As discussed, Team Kilimanjaro is dissatisfied with the traditional use of all six officially sanctioned routes on Kilimanjaro. This is because each variant either fails to incorporate sufficient use of topography to ensure adequate acclimatisation - in the cases of Marangu and Rongai - or else unnecessarily depletes climbers’ reserves en route to High Camp - in the cases of Lemosho, Shira, Machame and Umbwe.
The traditional use of the Shira, Lemosho, Machame and Umbwe routes all converge at Barranco Camp (3,984m). Depending on whether the leadership in control of the climb operation are themselves experienced mountaineers and have mandated that their guides strictly observe intelligent acclimatisation strategy from the start of the trek onwards, climbers may or may not be sufficiently acclimatised by the time they spend the night at Barranco.
However, let us consider a case where the leadership is competent and yet they have nonetheless been compelled to arrange a climb along one of these routes which - while clearly flawed from the perspective of ascent strategy - are nonetheless beautiful and incorporate features which clients may specifically have requested to visit for reasons that are in competition with the objective of maximising summit prospects.
The problem that then arises is that following the night spent at Barranco and thereafter ascending the 257 vertical metres to the top of the Breach Wall (4,241m), climbers subsequently spend the ensuing 3.2km losing 316 vertical metres of gained altitude as they descend towards the source of the western tributary of the Karanga Valley at 3,925m altitude.
What makes these traditional route variants even more shockingly poor options, is that while descending these 316 metres, it is necessary to traverse four spurs that necessitate a cumulative height gain of 85 vertical metres - meaning that the trekker entirely wastes 401 metres of vertical effort on the day immediately prior to his or her summit bid. And bear in mind that this effort follows several days of cumulative fatigue and that following this day there will be no reprieve at a comfortable altitude, and that the next day climbers will typically be trekking for 11 - 15 hours almost continuously, visiting an atmosphere that has only around 48% of the available oxygen their bodies are accustomed to, and will be living in an environment in which appetite is suppressed and sleep is difficult.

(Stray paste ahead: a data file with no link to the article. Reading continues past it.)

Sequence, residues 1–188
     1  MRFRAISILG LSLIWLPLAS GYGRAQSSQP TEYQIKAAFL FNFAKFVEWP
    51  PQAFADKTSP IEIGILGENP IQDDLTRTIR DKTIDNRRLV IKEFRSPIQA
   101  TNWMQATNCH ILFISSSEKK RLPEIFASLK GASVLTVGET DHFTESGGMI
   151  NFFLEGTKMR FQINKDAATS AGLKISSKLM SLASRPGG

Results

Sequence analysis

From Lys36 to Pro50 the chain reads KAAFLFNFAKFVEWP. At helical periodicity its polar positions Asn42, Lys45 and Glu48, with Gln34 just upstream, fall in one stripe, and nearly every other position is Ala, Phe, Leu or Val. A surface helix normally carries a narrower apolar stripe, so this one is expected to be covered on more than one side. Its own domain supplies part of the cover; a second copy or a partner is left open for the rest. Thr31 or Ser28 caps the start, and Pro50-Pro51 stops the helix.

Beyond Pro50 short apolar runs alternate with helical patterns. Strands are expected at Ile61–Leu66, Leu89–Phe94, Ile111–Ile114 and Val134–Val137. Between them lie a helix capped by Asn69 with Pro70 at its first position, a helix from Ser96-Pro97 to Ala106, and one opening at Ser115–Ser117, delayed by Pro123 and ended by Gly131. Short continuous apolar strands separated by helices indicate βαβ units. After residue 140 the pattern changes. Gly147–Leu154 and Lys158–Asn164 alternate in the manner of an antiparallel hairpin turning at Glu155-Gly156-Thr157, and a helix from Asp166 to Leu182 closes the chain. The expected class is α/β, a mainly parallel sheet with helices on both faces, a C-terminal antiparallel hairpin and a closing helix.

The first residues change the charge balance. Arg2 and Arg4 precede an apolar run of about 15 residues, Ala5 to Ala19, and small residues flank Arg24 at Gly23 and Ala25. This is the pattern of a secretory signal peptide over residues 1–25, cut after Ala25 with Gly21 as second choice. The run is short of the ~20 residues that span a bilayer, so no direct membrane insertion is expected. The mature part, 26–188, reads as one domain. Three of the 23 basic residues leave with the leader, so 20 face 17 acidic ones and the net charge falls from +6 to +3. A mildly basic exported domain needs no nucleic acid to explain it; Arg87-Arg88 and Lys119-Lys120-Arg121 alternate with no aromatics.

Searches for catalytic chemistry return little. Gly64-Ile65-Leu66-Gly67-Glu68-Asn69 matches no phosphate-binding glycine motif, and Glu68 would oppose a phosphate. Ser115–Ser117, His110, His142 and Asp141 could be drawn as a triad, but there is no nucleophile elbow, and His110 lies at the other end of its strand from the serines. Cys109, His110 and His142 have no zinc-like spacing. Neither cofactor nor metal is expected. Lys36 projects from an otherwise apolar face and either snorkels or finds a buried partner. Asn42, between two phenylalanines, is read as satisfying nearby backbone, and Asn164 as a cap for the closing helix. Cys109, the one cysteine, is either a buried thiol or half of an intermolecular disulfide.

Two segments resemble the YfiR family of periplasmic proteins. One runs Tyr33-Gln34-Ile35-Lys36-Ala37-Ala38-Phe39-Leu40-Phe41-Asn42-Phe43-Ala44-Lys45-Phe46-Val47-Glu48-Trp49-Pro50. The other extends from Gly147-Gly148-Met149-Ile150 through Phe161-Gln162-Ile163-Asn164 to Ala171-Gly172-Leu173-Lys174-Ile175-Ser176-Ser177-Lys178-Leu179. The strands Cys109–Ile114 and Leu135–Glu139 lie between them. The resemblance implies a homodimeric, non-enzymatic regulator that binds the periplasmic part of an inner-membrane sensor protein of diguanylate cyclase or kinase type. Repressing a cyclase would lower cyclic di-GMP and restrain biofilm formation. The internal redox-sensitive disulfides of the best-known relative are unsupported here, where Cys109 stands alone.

Since prolonged exposure to high altitude has a strongly deleterious effect on the human body and that full recovery from physical duress is not possible when in a semi-acclimatised state, any route that spends the first 5 of the 9 kilometres required to approach High Camp in descending 401 vertical metres, is logically indefensible.
For those whose imaginations refuse to visualise something so bizarre - when one considers that demonstrably logically superior alternatives exist on more intelligently configured route variants - please refer to the following profile. The origin is Barranco Camp (3,984m) and the point to the extreme right is Barafu Camp (4,681m).
So, having unnecessarily depleted your summit reserves by ascending 1,162 metres at an arduous mean altitude of 4,332m, to make only 761 metres of useful height gain, immediately before what for many will be the hardest night of their lives - is it still possible to summit on these routes? Yes, certainly. In the same that one could compete in a 1500 metre race by running backwards, or navigate through a bog instead of going around it, or straight-line a route over the top of a hill and perpendicularly through a valley instead of contouring round these features - it’s all possible, but you’re really doing nothing to maximise the probability of summiting, however studiously you optimise your hydration, nutrition and rest, or diligently observe a climb-high, sleep-low strategy en route to High Camp. So, the question that has puzzled Team Kilimanjaro for many years is why on earth do so many climbers continue to make decisions that risk compromising their own summit prospects?
Since TK’s raison d’être is to ensure that as many hikers as possible climb Kilimanjaro safely and comfortably, with alertness, confidence and awareness of their magnificent surroundings and are able to cherish the warm and encouraging company that they share their expedition with, we have devised route variants that more than adequately address all the weaknesses inherent in the traditional Lemosho, Shira, Machame, Umbwe and Rongai trails. With this objective in mind our unique route variants:
So, if you’re thinking of climbing Kilimanjaro and want to ensure with the greatest degree of certainty reasonably possible, that your investment in emotional and mental focus, training, equipment, flights, visas, and climb costs has the best possible chance of being realised and reaping the unforgettable rewards that every esteemed Team Kilimanjaro climber deserves, please contact us and ask to climb the TK Lemosho Route or - for those with anyone in their group carrying old knee or ankle injuries - the TK Rongai Route.